Space startups in India want special policies, autonomy to take off
In May, Finance Minister Nirmala Sitharaman announced the opening of the space segment for private players and startups and the Elon Musk-owned SpaceX launched the Demo-2 mission. In view of these key developments, The Federal spoke to space tech startups on the future outlook and viability of being in the space sector.
In May, Finance Minister Nirmala Sitharaman announced the opening of the space segment for private players and startups and the Elon Musk-owned SpaceX launched the Demo-2 mission.
In view of these key developments, The Federal spoke to space tech startups on the future outlook and viability of being in the space sector.
Kshitij Khandelwal, CTO and director of Pixxel Space, Rohan M Ganapathy, director and CEO of Bellatrix Aerospace and Tushar Jadhav told The Federal about the funding challenges, pending Space Facilities bill, and how Indian Space Research Organisation (ISRO) should be delinked with a separate space regulatory body.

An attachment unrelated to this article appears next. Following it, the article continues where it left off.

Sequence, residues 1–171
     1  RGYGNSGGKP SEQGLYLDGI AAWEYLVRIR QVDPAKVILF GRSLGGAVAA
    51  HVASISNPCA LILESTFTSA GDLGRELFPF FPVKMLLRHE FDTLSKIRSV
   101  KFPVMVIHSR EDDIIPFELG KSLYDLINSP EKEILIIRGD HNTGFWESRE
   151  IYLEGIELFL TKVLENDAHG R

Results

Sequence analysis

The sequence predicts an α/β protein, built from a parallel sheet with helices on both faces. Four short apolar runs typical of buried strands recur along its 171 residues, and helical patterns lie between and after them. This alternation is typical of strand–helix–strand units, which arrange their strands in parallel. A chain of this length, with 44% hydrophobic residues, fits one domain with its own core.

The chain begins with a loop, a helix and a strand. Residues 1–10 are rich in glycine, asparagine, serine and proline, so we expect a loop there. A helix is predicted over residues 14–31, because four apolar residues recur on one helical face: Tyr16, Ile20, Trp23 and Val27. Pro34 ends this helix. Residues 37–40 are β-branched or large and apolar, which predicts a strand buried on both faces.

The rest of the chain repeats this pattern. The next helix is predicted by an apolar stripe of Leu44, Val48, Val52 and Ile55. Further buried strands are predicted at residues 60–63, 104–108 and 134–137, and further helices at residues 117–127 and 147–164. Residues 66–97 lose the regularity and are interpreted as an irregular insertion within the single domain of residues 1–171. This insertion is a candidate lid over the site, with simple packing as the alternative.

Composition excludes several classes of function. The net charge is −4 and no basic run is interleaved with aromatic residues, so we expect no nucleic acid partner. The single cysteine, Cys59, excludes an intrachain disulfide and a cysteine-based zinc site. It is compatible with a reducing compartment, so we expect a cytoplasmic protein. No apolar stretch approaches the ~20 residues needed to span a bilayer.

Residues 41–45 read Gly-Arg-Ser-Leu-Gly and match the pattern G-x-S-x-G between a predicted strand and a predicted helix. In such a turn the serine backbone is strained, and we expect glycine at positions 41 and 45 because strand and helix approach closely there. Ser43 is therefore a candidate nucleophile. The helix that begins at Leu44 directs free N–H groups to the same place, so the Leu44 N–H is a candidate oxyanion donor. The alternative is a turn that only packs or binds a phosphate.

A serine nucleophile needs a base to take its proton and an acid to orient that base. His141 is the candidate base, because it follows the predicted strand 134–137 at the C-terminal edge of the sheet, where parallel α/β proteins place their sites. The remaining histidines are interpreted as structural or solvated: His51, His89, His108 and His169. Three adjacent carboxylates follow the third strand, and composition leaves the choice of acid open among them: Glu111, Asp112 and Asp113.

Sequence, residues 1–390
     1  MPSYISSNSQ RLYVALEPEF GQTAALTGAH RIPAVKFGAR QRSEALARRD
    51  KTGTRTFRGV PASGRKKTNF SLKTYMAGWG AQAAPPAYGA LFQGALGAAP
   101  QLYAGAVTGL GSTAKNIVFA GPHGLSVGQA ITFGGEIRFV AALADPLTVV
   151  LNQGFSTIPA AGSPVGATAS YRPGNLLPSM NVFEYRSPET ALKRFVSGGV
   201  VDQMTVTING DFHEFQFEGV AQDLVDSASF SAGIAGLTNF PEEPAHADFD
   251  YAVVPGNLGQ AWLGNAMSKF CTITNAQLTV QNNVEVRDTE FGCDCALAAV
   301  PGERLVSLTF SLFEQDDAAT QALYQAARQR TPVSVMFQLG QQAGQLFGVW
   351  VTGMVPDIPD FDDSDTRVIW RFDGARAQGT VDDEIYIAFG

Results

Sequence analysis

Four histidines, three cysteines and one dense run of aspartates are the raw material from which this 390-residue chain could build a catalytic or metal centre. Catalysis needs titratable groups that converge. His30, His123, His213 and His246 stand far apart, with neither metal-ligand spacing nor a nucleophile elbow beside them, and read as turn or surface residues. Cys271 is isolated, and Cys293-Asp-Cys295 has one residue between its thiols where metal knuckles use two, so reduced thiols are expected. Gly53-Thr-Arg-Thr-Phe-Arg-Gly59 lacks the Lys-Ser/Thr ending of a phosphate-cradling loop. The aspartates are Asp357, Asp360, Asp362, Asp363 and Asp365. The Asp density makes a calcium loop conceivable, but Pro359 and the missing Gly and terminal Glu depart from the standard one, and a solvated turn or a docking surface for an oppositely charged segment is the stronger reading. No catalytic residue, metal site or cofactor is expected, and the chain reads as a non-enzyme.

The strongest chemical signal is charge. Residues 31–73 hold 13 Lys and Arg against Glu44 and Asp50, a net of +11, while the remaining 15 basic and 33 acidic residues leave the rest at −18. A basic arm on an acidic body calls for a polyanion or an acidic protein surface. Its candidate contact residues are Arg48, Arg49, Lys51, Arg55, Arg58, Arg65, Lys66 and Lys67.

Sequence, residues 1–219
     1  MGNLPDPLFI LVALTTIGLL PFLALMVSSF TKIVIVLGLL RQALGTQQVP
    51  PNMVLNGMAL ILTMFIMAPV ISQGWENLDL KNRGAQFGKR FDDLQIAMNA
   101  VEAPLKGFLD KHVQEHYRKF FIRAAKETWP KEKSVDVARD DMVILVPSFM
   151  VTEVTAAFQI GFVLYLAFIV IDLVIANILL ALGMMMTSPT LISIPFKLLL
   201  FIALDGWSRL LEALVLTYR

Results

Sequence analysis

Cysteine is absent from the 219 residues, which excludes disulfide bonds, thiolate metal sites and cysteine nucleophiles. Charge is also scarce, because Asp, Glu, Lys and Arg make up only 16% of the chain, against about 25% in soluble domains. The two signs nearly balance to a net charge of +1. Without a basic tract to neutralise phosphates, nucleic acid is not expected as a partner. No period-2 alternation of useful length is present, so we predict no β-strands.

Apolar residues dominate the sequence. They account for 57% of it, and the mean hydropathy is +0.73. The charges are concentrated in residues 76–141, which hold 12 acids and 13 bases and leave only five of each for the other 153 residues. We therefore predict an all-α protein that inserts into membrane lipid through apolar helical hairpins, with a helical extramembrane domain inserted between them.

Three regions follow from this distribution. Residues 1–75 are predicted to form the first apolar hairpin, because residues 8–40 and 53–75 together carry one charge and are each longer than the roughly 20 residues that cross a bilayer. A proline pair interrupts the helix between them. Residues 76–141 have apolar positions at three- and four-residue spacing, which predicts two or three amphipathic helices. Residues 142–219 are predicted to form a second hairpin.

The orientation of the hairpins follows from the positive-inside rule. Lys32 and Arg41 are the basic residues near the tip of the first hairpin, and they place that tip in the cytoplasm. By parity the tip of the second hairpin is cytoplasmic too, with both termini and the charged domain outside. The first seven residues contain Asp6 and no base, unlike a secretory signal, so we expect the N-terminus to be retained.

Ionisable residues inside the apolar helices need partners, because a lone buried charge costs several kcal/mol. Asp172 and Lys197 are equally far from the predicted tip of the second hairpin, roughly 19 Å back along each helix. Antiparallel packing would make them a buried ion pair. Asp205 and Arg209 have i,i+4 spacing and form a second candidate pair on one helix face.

Pixxel is building a constellation of nano-satellites with a plan to launch one by November to provide real-time and affordable satellite imagery services.
Bellatrix Aerospace is building “electric propulsion systems for satellites and sources much of its components from India.
Manastu Space has developed a “green propulsion” system that consumes less fuel and adds to the cost advantages.
While raising capital has always been difficult, the startups feel the process goes hand in hand with the industry’s maturity and the government should soon pass the Space Facilities Bill, delink ISRO with a separate regulatory body, and address the regulatory challenges.
“Investors look for market, technology and regulatory challenges. Unlike other startups, in this business the longevity of startups is long, technology is like a binary game, either succeed or fail, and there is lack of clarity on regulatory aspects including on insurance of vehicles,” Kshitij said.
Tushar of Manastu space believes that rather than ISRO viewing them as mere vendors and telling what and what not to do, they should partner with startups and work together.
“We are collaborators and not competitors,” he said.
Rohan of Bellatrix said the government should pass the Space Facilities Bill at the earliest and cull out a separate regulatory body to make decisions, like the Telecom Regulatory Authority of India (TRAI) for the telecom industry.
“Startups cannot wait for long. We cannot wait for 4 months to access a facility. ISRO should dedicate, say 15 per cent of its component time for startup and dedicate a separate launchpad for startups at Sriharikota,” Rohan said.